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UPDATED: Rabies confirmed in raccoon attack

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UPDATED 8/15

By April Wright, Reporter

A raccoon that attacked a 17-month-old boy and his father in the Country Club Lane area on Aug. 11 tested positive for rabies over the weekend, the first case this year for Galax, said Kristina Webb, an environmental health specialist at the city’s health department.
The child and his father have received their second of six sets of treatments. Both were treated for rabies the day of the attack at the emergency room at Twin County Regional Hospital, while they awaited lab results.
Three cats came in contact with the raccoon. One was put down on Aug. 11; another that escaped was captured on Saturday and euthanized; and the third that had a rabies vaccine is being quarantined at the animal shelter for a 45-days observation period.
The child, who was playing outside and being supervised by his father, was bitten on the stomach when he was approached by the raccoon. His father was scratched on the hand when he grabbed the raccoon by the back of the neck to fight it off of the child.
Last year, there were two rabies cases in the city involving a raccoon and a skunk.
 

FROM 8/12/11:

A 17-month-old and his father are undergoing treatments after the child was attacked Thursday afternoon in the Country Club Lane area of Galax by what is believed to have been a rabid raccoon.
If the results come back positive for rabies, this will be the first case of rabies in the city this year. There have been reports from Carroll and Grayson counties in 2011.
The child, who was playing outside and being supervised by his father, was bitten on the stomach when he was approached by the raccoon. His father was scratched on the hand when he grabbed the raccoon by the back of the neck to fight it off of the child.
The raccoon was destroyed and sent to the state lab to be tested for rabies. Because the attack is being regarded as a probable rabies case, both victims were treated at the emergency room at Twin County Regional Hospital for rabies, while awaiting for the state lab results.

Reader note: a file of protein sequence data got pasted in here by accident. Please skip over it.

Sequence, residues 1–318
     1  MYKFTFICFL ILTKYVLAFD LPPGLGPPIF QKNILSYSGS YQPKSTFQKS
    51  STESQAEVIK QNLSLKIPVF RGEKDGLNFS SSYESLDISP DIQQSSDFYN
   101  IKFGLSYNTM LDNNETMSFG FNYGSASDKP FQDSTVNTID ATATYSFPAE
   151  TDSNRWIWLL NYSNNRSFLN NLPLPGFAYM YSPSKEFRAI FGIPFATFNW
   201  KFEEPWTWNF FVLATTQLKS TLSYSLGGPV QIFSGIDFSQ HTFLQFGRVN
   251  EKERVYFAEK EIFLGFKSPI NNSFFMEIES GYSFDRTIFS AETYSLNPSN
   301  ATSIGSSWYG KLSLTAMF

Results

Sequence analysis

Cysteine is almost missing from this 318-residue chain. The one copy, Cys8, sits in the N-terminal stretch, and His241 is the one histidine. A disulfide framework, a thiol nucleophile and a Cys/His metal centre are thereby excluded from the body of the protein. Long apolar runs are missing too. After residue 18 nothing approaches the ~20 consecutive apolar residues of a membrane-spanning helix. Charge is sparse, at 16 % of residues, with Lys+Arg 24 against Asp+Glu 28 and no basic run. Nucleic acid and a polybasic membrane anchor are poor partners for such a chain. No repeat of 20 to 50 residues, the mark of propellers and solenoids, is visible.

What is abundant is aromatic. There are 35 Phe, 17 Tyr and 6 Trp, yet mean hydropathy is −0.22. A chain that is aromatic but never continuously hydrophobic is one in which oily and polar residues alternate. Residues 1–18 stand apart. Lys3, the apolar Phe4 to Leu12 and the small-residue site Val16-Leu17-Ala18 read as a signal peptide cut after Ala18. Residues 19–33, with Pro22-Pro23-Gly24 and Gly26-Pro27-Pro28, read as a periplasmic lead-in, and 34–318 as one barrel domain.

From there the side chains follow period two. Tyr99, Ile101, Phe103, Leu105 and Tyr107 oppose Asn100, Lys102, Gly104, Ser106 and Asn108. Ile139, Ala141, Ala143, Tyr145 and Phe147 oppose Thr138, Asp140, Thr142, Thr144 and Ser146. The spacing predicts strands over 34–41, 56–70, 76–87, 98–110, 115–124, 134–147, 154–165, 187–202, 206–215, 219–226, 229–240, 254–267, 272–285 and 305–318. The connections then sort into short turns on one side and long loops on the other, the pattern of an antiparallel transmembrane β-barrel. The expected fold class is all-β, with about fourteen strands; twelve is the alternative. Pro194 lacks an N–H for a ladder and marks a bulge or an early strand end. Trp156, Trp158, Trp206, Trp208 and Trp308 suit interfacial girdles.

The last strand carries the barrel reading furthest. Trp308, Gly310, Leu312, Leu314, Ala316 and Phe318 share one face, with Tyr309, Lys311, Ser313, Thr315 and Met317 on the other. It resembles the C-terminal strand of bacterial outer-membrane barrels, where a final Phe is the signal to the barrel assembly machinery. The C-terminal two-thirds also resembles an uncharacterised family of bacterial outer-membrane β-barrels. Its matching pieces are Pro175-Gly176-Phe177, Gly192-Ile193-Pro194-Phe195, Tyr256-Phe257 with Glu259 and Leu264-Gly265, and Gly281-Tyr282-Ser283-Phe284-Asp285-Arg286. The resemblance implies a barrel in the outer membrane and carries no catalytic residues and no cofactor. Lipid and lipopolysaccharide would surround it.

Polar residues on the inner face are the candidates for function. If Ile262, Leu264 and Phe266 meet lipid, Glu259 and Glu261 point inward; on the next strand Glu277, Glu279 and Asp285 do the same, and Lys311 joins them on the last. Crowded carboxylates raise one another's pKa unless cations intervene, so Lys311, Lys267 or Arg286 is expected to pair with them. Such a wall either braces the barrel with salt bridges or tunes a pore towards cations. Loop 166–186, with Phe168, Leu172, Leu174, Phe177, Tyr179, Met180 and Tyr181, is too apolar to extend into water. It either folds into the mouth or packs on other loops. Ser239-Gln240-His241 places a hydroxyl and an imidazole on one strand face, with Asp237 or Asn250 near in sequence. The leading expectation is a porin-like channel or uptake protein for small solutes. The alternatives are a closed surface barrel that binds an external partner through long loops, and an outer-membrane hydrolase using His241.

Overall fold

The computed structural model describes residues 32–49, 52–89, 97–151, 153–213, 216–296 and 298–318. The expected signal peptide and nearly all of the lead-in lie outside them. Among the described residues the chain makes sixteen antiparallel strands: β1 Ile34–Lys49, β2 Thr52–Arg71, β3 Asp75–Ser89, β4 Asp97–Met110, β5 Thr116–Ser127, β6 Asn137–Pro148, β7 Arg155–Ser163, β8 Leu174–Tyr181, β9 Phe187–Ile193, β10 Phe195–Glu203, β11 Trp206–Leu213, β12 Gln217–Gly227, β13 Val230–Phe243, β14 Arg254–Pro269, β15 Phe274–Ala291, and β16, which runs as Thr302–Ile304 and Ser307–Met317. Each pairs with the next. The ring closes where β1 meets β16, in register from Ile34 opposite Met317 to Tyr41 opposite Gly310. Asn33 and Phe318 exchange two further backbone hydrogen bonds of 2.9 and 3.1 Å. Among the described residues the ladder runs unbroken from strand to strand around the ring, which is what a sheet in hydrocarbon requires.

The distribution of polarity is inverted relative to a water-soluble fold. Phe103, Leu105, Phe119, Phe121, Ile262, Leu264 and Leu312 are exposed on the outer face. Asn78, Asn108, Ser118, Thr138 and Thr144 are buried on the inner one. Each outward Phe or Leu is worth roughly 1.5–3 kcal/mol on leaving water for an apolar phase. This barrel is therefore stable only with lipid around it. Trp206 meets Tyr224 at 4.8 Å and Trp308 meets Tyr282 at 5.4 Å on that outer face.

Three cats were also exposed to the raccoon. One has been put down, another is still at large and the third, which had been vaccinated for rabies, is being held at the animal shelter until the test results come back, said Veronica Bryant, Galax animal control officer.
“Raccoons are nocturnal animals, and to see one in daylight is unusual. Being attacked by one is even more unusual, and although we won’t know for sure until we have the lab results, we don’t want to take any chances,” said Scott Honaker, environmental health manager for the Mount Rogers Health District.
“This attack is particularly alarming because it occurred in town, in a high-density population area with far more risk of exposure to people and other animals,” he said. “Residents need to be especially watchful.”
Cristina Hernandez, mother of the child attacked, said she never thought something like this could happen in the city.
“Earlier, I had read in a news article that urged parents to talk to their children about rabies,” said Hernandez, noting she had two children inside the home during the attack.
“It’s important for people to talk to their children about this. You hear about these things, but I never thought it would occur close by.”
Animals that are sick with rabies shed the virus in their saliva, so any animal bite should be taken seriously, said D. Craig Smith, director of the health district.
“If an animal bites you, wash the wound immediately with soap and water,” said Smith. “Call your physician, local health department or animal control agency immediately.”
The test results were expected were expected to be returned on Saturday.
The Galax City Health Department and the Mount Rogers Health District urge citizens to keep their pets’ vaccinations against rabies up to date and avoid contact with stray dogs and cats or any wild animals.

For more information about rabies protection or possible exposures, contact the Galax City Health Department at 236-6127 or log on to the Virginia Department of Health’s Rabies Control and Prevention Web site at www.vdh.state.va.us/epi/rabiesf.htm.